Leith, ah Leith, that wee un-loved
gem nestling on the shore north of your big neighbor -
Edinburgh, whatever went wrong, another forced marriage between
unequal partners, sad really, history repeating itself again,
isn’t it ?. When did it all go wrong ?.
Answer, in 1920. At long last
Edinburgh got her wish and subsumed Leith into it’s grasp. Leith
and its proud citizens who were and are always Leithers first,
and Edinburgers last, gave up the ghost and knuckled under. In
all the bru-ha-ha, the one single important symbol of Leiths
unique status as a newish burgh and an ancient town was lost,
seemingly forever, their historic emblem, their unique flag !.
Fault can be laid at the door of the
then councillors of Leith for not recognizing that in giving up
their individual identity also meant loosing their special flag.
In the same vein, the councillors of Edinburgh, equally were
deficient in not recognizing the great identifier that the Leith
flag was, not only for Leith but for the city as a whole. So, in
all the administrative details that had to be attended to, the
flag was overlooked but not by everybody.
The crown, who have some role in
these things took it upon itself to grab title to the emblem of
Leith as they invoked their authority on what they regarded as a
crest and therefore an heraldic symbol of Leith and it’s former
status as a burgh. So, since 1920 the ancient flag of Leith has
been crown property and illegal to be flown over the town of
Leith, or anywhere else for that matter.
This situation was felt by the
writer to be unconscionable and needed re-dressing. How to go
about it ?. Perhaps go to source ?. So a visit to the office of
the Lord Lyon was in order. The Lord Lyon, the Queens
representative in Scotland on such matters is a fairly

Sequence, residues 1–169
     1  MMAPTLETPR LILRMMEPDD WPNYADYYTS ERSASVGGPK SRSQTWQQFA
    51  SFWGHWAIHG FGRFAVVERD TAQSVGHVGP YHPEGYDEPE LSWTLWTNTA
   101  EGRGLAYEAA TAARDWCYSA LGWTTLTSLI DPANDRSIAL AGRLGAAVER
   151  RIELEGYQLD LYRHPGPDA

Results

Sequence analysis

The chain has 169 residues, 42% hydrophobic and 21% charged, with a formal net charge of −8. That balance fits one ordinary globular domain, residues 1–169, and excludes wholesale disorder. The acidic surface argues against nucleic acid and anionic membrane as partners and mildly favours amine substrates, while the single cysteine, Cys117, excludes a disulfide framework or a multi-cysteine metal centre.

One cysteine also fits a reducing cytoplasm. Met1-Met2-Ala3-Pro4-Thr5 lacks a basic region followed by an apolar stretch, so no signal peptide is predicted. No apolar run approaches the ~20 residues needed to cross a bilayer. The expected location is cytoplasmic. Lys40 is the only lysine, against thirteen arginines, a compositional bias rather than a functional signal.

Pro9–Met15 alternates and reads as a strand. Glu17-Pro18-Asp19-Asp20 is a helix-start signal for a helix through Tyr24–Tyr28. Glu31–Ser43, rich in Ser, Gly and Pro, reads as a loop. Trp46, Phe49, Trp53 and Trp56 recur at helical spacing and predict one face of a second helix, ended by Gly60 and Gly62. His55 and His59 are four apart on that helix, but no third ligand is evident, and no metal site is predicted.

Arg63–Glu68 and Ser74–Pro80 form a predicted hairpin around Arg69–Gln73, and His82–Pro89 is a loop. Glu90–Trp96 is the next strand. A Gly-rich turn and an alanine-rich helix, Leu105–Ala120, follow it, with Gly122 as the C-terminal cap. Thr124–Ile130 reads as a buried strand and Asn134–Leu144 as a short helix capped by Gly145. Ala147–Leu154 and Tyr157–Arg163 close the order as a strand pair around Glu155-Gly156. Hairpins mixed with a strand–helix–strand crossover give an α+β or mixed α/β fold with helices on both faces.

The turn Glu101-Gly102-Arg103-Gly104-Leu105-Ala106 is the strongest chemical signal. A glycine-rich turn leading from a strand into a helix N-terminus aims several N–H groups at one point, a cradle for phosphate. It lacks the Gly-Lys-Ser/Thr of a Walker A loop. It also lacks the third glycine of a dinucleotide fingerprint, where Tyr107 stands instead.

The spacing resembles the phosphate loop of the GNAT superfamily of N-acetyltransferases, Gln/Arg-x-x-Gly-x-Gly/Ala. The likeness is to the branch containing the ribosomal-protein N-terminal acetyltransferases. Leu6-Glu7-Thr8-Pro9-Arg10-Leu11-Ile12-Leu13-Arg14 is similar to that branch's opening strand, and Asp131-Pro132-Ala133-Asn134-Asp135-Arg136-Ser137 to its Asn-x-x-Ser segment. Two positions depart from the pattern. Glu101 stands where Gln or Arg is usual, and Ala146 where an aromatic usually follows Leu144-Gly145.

formidable person to take on but after 90 years, it was time.
Initially, polite but unhelpful their resistance faded when I
threatened to call Lizzie to demand the flag back as clearly,
she had no need for it. Suddenly, the Lord Lyon’s office became
more helpful. Having detailed out a mechanism as to how the flag
could be retrieved fro Leith the writer made his way back
towards Leith mulling over the implications of the advice and
how to create a mechanism as to how to potentially retrieve the
return of the flag with some local involvement.
The long walk back home formulated a
plan. Firstly, the pupils of Leith Academy wore a version of the
Leith flag as their uniform badge, perhaps the school might be
interested in supporting a campaign ?.
Then, recalling that an old
acquaintance was now the Deputy Lord Provost of the City of
Edinburgh, the die was set.
Phone calls were
enthusiastically received and meetings arranged. The school were
in their 450th year and about to celebrate this historic
anniversary later in the year, bingo !. They were all for
rolling up their sleeves and supporting the writers campaign.
The Deputy Lord Provost too was highly enthusiastic. Game on !.
During 2010 the following occurred.
The Academy set about creating a task for their Modern Studies
department to prepare a petition to be delivered to the city and
upon receipt, the Deputy Lord Provost would then himself
petition the office of the Lord Lyon for the return of the flag.
Much more clout than the writer on his own could evoke.
June 2010 an 800 signature petition
was formally received at the City Chambers, delivered by the
pupils and staff of the Academy. This little ceremony was a
great experience for the kids and the city laid on a small
reception for them in the offices of the Deputy Lord Provost,
enjoyed by all.
In some respect, that was the job
done by the school but not quite.
Edinburgh, a city
of great history could not be allowed to let the 450th
anniversary of the school slip by - unnoticed. The writer,
twisting a few arms, managed to persuade the city to formally
honor the school and this proposal was placed before a formal
The city embraced the idea with
enthusiasm to the extent that they elected to hold a Civic
Reception for the school later that year at the main meeting
room of the Council Chambers.
In the meantime, the school had to
celebrate it’s historic anniversary which was scheduled for